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Damned Nations: Greed, Guns, Armies, and Aid Paperback – Jul 17 2012
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"Angry, impassioned essays are not the general currency of Canadian non-fiction, so it's refreshing that physician Samantha Nutt breaks the mould with her forthright attack on militarism and misguided aid efforts that exacerbate the poverty and conflict they are meant to solve. . . . Damned Nations is an important read." -- Quill and Quire
About the Author
SAMANTHA NUTT is a medical doctor and Founder/Executive Director of War Child North America. For fifteen years, Dr Nutt has been at the frontline of many of the world's major crises -- from Iraq to Afghanistan, Somalia to the Congo and Sierra Leone to Darfur. Dr. Nutt was recently named one of Canada's 25 Transformational Canadians by the Globe and Mail, and the World Economic Forum recognized her as one of 200 young global leaders. In 2010, Samantha was awarded the Order of Ontario. Dr. Nutt is a staff physician at Women's College Hospital in Toronto and an Assistant Professor of medicine at the University of Toronto.See all Product Description
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Top Customer Reviews
It is not enough to support 'good' causes. We must adhere to good policy and refuse to exercise apathy. Sam eloquently forces us to reconsider the status quo. She compels us to question the truths that have anchored politics, the practices that characterize charitable giving, the principles on which foreign policy has been built and most important of all, Sam propels us to expect more. To ask more from ourselves, the charities we support, the companies we buy from, the banks with which we invest and the governments we elect.
To define this book as a memoir, or another humanitarian's account of the sector is inaccurate. Damned Nations is the book that all of us who shake our heads at the headlines and who wonder what can be done have been waiting for. It is a manifesto for the next generation of bleeding hearts with brains.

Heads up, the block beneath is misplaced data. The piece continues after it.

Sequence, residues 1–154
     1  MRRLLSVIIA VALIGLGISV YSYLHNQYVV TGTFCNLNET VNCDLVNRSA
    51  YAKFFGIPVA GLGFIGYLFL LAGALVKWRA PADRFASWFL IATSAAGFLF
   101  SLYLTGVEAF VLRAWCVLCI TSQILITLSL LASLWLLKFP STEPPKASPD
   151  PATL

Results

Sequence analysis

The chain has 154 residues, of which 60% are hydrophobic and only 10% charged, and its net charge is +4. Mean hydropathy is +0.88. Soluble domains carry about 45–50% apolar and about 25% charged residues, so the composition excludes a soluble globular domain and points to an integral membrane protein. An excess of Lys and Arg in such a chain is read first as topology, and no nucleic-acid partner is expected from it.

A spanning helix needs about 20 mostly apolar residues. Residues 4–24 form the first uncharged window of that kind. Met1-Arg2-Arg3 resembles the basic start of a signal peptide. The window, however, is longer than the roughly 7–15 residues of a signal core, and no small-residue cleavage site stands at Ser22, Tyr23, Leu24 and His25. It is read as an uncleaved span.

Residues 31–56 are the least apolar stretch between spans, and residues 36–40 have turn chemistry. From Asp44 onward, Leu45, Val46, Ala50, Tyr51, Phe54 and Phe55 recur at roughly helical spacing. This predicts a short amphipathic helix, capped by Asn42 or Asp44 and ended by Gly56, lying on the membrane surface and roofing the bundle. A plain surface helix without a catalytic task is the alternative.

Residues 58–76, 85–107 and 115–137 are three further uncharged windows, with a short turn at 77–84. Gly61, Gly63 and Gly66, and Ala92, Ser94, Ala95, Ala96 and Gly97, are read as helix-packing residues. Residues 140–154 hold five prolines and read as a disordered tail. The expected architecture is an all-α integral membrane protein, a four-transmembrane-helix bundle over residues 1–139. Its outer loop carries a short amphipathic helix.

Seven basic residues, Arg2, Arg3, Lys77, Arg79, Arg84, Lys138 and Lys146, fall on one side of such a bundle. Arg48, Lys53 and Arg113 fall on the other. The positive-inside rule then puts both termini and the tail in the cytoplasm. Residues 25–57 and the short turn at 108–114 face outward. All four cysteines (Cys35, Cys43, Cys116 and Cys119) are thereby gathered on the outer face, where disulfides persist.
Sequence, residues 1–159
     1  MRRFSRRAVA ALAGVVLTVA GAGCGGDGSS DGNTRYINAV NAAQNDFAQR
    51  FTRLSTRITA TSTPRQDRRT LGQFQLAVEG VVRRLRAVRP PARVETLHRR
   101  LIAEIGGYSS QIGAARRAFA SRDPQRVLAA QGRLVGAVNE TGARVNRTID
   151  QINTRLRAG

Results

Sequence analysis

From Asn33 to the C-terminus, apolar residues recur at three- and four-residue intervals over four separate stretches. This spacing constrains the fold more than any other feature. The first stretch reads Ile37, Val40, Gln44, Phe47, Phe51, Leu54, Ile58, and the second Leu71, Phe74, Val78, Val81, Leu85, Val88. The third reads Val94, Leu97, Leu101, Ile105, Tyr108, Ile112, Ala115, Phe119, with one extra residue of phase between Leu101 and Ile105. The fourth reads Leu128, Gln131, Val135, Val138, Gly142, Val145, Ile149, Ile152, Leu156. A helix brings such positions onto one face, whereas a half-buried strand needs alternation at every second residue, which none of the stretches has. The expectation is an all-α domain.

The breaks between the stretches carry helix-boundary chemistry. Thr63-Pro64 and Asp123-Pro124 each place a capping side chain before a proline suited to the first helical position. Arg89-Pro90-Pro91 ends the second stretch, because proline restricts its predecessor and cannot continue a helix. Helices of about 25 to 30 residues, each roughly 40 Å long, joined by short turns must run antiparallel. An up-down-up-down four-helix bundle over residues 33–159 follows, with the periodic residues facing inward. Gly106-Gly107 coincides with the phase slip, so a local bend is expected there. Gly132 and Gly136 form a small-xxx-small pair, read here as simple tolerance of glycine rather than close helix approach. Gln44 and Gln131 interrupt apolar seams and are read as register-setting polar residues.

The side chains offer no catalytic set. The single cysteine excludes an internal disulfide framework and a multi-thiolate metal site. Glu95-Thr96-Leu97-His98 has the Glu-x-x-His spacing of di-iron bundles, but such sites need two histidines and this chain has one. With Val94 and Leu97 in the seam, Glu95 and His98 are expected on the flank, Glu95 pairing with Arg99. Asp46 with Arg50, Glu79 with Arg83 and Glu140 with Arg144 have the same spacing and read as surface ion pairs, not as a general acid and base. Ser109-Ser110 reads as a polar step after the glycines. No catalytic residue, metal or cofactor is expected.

I found Dr. Nutts' thoughts made sense. The militarisation, and politicisation of aid are counter productive to development and can put civilian aid workers at risk.. The book reminds us that there are two kinds of aid, disaster relief, and development. Disaster relief is proving the necessities of life. These needs are made more acute where people very little before the disaster. Development is changing the conditions in a country/area. Changing the conditions is a process that will take years, perhaps a generation (20 years). Development is a hand up. It is education, developing markets for locally produced goods, changing attitudes towards different cultures and gender equality. these things are the basic requirements to bringing about permanent change.
I was reminded me of Ten Thousand Villages which are stores run by the Mennonite Central Committee. They buy goods at fair prices, from local artisans in developing countries and sell them in Canada. I recommend this book to anyone who wants to see foreign aid from a perspective that is rarely shown.
I am not a member or employee of War Child or Ten Thousand Villages. I have shopped at Ten Thousand Villages.
A must read for those interested in international development and aid.
This book should be highly advertised!
th pe author
is modest as witness to such depressing facts about war and women still treated as less than animals.